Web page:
Tenner King is determined to make his own way in the world far from the overbearing presence of his father and the ranch where he was raised in Rinehart’s Crossing, Oregon. Reluctantly, he returns home after his father’s death to find the ranch on its way to ruin, his siblings antsy to leave, and the women in town completely infatuated with a mysterious poet. Prepared to do whatever is necessary to save the ranch, Tenner isn’t about to let a little thing like love get in his way.

♥ Austen – After spending her entire life ruled by her father, Austen Rose King certainly isn’t going to allow her bossy older brother to take on the job. Desperate to leave the hard work and solitude of the Diamond K Ranch, she decides a husband would be the fastest means of escape. If only she could find a man she could tolerate for more than five minutes.

♥ Claire – Two thousand miles of travel. Two thousand miles of listening to her parents bicker about the best place in Oregon to settle. Two thousand miles of dusty trails, bumpy wagons, and things that slither and creep into her bedding at night. Claire Clemons would happily set down roots that very minute if someone would let her. What she needs is her own Prince Charming to give her a place to call home. When a broken wagon wheel strands her family miles from civilization, she wonders if handsome Worth King, the freighter who rescues them, might just be the answer to her prayers.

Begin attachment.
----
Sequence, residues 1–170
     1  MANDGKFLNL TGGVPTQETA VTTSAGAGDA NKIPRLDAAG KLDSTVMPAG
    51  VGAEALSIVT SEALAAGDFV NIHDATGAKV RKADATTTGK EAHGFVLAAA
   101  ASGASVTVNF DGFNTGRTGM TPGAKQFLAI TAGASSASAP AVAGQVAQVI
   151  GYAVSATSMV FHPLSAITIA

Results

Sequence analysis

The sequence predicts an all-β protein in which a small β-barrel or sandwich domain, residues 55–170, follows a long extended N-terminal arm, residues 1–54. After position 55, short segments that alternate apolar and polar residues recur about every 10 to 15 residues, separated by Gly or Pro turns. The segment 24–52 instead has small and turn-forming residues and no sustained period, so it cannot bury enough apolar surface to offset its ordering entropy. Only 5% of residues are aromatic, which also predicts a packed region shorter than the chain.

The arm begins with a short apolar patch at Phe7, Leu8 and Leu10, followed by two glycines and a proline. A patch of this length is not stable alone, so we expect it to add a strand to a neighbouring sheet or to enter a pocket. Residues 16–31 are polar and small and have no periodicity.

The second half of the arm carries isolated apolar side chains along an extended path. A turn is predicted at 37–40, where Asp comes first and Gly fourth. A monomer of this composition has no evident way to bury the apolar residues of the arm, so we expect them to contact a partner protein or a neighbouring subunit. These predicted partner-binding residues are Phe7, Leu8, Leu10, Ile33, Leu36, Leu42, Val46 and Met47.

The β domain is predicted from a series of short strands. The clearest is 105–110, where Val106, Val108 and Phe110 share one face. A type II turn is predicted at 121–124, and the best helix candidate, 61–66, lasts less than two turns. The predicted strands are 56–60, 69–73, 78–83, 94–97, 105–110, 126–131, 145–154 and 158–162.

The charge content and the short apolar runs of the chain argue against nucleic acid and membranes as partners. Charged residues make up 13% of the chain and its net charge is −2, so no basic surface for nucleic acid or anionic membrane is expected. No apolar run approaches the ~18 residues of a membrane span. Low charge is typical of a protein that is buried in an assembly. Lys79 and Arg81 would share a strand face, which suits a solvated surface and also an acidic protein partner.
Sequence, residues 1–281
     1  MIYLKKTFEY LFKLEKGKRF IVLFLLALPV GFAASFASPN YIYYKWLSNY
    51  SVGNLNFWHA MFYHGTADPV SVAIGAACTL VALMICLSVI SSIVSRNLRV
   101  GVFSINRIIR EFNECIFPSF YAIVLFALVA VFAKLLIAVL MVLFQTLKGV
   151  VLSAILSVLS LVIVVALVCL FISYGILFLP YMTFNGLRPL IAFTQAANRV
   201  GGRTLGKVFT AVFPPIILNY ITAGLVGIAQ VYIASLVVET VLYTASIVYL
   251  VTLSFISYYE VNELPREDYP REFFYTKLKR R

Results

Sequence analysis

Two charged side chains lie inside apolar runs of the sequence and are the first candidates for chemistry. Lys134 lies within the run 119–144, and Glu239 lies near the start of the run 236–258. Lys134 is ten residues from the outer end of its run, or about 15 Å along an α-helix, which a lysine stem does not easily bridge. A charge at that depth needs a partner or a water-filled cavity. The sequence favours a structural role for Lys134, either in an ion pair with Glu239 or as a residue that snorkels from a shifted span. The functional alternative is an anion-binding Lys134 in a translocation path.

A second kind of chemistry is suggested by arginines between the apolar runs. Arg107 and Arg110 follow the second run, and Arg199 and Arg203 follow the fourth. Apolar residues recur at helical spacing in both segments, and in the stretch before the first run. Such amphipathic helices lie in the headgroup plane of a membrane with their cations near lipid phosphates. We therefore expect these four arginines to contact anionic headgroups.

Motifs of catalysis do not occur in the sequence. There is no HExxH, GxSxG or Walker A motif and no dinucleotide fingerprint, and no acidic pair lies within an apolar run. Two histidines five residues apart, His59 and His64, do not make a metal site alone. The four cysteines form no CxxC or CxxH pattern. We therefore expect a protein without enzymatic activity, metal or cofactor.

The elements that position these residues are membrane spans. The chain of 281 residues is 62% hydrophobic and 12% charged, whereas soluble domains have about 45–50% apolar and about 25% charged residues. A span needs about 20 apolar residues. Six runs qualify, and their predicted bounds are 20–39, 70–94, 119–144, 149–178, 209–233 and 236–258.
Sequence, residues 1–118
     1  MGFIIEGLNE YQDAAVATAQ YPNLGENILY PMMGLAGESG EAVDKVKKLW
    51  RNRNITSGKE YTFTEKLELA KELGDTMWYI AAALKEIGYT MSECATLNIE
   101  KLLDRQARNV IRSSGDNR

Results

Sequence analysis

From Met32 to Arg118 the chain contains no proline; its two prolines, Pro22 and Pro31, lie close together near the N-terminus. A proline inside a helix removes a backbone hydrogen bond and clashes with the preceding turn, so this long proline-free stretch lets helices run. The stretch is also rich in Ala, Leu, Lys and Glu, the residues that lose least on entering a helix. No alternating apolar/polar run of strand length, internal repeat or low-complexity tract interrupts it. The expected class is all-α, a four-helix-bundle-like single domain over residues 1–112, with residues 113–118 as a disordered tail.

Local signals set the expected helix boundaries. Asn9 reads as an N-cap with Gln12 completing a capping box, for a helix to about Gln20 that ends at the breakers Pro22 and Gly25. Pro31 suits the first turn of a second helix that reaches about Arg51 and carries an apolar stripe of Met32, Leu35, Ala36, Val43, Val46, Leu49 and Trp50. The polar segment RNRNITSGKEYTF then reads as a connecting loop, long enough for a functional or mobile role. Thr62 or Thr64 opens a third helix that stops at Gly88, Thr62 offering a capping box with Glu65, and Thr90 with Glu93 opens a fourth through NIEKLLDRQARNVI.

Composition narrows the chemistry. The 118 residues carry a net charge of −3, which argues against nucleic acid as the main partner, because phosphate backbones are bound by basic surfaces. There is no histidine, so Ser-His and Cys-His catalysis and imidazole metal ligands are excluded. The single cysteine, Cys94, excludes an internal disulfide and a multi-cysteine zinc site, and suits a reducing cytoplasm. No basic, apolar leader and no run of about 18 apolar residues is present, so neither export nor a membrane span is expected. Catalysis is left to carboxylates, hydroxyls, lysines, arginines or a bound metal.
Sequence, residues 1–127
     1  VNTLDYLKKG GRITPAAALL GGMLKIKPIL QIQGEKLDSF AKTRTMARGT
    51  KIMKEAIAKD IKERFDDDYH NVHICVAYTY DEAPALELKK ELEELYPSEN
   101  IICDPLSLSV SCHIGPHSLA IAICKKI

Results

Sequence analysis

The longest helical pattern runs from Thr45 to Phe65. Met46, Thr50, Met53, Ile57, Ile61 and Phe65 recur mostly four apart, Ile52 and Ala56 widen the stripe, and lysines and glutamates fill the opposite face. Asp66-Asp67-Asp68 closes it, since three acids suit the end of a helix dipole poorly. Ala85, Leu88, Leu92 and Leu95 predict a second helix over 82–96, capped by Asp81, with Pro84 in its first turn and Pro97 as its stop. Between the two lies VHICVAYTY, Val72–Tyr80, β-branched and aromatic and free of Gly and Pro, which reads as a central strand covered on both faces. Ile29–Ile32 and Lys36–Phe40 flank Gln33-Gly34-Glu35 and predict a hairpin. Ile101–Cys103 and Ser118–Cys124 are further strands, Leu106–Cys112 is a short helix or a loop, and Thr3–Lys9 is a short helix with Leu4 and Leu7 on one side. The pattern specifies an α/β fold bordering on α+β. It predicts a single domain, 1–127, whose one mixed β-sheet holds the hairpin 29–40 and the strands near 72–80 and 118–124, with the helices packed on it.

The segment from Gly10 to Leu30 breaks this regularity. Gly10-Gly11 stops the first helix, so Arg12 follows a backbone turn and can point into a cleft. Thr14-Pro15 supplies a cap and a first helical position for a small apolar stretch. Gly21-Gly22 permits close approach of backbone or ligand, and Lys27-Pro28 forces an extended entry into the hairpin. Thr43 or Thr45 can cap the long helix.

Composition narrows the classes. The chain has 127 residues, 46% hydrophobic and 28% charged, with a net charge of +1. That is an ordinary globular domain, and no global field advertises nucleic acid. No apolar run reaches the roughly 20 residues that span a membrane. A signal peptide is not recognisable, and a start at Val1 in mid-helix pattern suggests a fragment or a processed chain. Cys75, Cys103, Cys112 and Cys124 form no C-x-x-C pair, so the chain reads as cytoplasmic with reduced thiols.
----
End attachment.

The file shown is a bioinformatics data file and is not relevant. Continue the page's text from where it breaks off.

♥ Kendall – Anxious to escape her mother’s meddling interference, Kendall Arrington leaves her society life behind, intent on experiencing a Wild West adventure. Hired as the school teacher in a growing town on the Oregon Trail, Kendall hopes to bring a degree of civility and a joy of learning to the children of Rinehart’s Crossing. However, the last thing she expects to find is a cowboy with shaggy hair, dusty boots, and incredible green eyes among her eager students.

Will love find the three King siblings as Romance arrives in Rinehart’s Crossing?

Read all the books in the Regional Romance Series featuring historic locations, exciting drama, and sweet (yet swoony) romance!

USA Today Bestselling Author Shanna Hatfield is a farm girl who loves to write character-driven romances with relatable heroes and heroines. Her sweet historical and contemporary romances are filled with sarcasm, humor, hope, and hunky heroes.

When Shanna isn’t dreaming up unforgettable characters, twisting plots, or covertly seeking dark, decadent chocolate, she hangs out with her beloved husband, Captain Cavedweller.

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Wagon Ruts West  by Ralph Ray Keeney, 1983

Pioneer Days in Malheur County by Jacob Ray Gregg, 1950